Earlier this year, the Fair Work Commission (FWC) varied the annual leave shutdown provisions in modern awards and replaced them with a model annual leave shutdown clause. Please refer to our article in February on the Annual Leave Shutdown Provisions.
With the Christmas period soon upon us, many businesses will be considering whether to shut down and for how long. Strict rules apply for shutdowns, so everyone needs to be prepared.
The rules governing periods of shutdown for employers and employees under the national workplace relations system are set out in the National Employment Standards (NES) in the Fair Work Act 2009 (Cth) (FW Act) and modern awards or enterprise agreements.
Award/agreement covered employees
The NES permits modern awards and agreements to allow employers to direct employees to take annual leave if the requirement is reasonable.
Many modern awards include such provisions in relation to annual shutdowns and most have had either the model clause or a slightly modified version of the model clause inserted.
The key change because of the model clause being inserted is that employers no longer have the ability to direct employees onto unpaid leave during a shutdown. Instead, the model clause allows an employer and an employee to agree to a period of unpaid leave as part of a shutdown period.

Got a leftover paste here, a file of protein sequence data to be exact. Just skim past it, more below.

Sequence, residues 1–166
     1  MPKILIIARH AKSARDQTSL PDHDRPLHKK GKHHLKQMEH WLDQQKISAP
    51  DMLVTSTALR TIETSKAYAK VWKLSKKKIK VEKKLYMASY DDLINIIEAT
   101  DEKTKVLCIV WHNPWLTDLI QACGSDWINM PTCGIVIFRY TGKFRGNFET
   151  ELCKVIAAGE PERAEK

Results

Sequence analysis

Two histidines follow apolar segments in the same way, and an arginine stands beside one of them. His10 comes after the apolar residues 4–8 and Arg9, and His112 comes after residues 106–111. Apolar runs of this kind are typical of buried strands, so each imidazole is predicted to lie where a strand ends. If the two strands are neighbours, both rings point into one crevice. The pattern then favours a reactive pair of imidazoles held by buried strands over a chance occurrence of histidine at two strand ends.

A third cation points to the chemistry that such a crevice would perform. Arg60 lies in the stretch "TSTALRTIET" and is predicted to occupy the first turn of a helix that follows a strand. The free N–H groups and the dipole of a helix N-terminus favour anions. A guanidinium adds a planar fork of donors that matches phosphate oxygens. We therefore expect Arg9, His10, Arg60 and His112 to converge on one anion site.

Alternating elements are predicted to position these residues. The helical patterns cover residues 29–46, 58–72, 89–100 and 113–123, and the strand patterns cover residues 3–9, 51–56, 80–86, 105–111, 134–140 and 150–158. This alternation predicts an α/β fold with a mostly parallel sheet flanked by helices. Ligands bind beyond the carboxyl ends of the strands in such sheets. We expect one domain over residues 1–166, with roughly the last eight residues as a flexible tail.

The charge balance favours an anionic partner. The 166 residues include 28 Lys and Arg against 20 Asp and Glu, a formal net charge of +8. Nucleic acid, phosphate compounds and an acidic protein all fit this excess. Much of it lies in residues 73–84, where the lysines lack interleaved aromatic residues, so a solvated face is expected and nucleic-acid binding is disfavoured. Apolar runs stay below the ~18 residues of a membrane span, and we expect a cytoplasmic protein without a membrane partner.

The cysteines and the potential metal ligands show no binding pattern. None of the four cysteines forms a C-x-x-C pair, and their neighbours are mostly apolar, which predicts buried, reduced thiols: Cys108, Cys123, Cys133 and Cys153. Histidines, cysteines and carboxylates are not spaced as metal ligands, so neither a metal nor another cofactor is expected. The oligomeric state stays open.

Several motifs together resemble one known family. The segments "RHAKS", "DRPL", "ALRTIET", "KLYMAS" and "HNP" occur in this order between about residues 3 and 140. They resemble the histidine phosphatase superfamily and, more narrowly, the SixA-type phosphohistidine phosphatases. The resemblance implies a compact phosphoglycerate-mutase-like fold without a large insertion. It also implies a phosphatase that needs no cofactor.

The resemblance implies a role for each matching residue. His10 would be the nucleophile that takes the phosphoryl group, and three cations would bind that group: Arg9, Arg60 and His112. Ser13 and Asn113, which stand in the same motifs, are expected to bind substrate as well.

How much notice does an employer have to give employees of a shutdown period?
Under the model clause, an employer must give employees 28 days’ written notice of a shutdown. By majority agreement, this notice can be shorter.
Employers are encouraged to check the relevant modern award that applies to their staff to confirm their obligations.
Is there a template shutdown notice?
The following is an example of a notice to employees of a shutdown:
Christmas/New Year shutdown
Employees are advised that the company’s operations will shut down for the purposes of granting annual leave to employees (other than those employees specifically notified to the contrary), from the ordinary finishing time on Friday 22 December 2023. Work will resume at the normal starting time on Tuesday 2 January 2024.
What if an employee does not have enough annual leave to cover a shutdown period?
As mentioned above, agreement can be reached between an employer or an employee to take unpaid leave. This agreement should be in writing.
Alternatively, the employee could agree to use other forms of leave to cover the period such as taking any accrued RDOs or taking annual leave in advance.